All the world may indeed be a stage, but a poet’s world consists of words. Nashua Gallagher’s debut collection of verse resonates with themes of coming of age in Hong Kong and other parts of Asia, and is set in a belovedly re-imagined yet elusive “home” with a cast of friends, family, poets and others. Her work traverses tender recollection, wry observation, and candid commentary on the road to love, motherhood, identity, relationships, and the many entanglements of modern living.
So you’re planning a trip on the Silk Road. You’re looking for tips on what to take, routes, currencies, visas.
America’s Vietnam challenges the prevailing genealogy of Vietnam’s emergence in the American imagination—one that presupposes the Vietnam War as the starting point of meaningful Vietnamese-US political and cultural involvements. Examining literature from as early as the 1820s, Marguerite Nguyen takes a comparative, long historical approach to interpreting constructions of Vietnam in American literature.
A City Mismanaged is policy analysis as blood sport. Leo Goodstadt needs no introduction in Hong Kong circles; those outside might need to know that he was head of the pre-Handover Hong Kong government’s Central Policy Unit from 1989-1997. He has penned a no-holds-barred smackdown of the four post-colonial Hong Kong administrations.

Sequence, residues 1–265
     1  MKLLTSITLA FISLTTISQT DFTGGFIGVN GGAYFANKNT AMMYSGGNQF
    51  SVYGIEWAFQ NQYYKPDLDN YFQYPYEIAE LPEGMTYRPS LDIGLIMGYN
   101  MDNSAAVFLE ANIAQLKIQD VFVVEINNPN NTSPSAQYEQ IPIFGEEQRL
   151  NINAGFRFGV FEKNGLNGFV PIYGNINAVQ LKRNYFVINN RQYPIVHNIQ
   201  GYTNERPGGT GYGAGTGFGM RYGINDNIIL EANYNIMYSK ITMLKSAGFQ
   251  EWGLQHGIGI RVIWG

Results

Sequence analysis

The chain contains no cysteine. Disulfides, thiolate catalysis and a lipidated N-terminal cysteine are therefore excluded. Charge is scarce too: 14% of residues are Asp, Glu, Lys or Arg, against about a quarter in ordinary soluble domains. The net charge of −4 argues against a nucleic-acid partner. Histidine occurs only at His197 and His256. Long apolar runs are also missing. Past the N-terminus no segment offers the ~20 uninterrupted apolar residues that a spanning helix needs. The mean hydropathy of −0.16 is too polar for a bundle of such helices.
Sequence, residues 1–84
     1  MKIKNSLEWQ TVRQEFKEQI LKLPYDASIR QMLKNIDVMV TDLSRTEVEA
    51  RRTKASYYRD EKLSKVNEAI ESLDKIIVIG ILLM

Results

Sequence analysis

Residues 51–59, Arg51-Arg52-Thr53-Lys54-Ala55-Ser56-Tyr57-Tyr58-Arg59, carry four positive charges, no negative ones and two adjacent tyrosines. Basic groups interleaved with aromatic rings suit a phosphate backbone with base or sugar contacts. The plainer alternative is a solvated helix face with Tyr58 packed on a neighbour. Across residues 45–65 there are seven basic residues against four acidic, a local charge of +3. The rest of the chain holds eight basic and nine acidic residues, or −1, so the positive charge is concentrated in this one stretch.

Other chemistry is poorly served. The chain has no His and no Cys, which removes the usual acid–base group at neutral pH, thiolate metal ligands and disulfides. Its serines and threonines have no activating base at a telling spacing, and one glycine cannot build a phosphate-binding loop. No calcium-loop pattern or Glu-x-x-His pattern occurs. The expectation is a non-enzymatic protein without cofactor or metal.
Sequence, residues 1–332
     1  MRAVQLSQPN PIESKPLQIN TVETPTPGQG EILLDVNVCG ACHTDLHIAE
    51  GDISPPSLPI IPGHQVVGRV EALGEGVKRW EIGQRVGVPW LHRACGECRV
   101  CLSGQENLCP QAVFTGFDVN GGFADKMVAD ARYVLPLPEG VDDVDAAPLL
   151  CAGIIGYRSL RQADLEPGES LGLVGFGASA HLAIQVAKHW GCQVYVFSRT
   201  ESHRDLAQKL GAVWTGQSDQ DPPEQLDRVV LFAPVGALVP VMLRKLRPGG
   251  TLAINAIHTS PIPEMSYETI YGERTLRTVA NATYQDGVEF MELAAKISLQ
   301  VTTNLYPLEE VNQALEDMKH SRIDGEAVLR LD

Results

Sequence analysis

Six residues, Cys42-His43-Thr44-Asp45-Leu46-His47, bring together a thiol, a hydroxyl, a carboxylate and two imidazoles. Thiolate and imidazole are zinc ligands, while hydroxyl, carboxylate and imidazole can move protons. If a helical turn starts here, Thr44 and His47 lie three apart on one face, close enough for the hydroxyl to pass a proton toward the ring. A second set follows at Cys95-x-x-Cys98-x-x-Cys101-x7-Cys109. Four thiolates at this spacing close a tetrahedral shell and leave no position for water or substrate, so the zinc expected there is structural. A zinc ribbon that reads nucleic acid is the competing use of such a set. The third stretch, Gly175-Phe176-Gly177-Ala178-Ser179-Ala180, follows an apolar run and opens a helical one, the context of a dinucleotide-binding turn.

Opera travels well. Its stories are the stories of our collective humanity—love, loss, revenge, strife, rebellion, rejuvenation, absurdity, tragedy—and its archetypes not only define cultures but also connect them. In many respects, we can no longer speak in essentializing ways about Western opera or Chinese opera, but rather must address the world of opera and global operatic voices.
“You may wonder why the Middle East gets so much airtime. Well, regions of the world were competing to host the apocalypse and the Middle East won.”
Anton Chekhov, it appears, was not the first Russian literary luminary to visit Hong Kong. Chekhov had stopped off in October 1890 and wrote about its “wonderful bay”. English-language literature had to wait until Somerset Maugham came through more than a quarter-century later. But Chekhov was beaten to the punch by Ivan Goncharov who stopped by in 1853.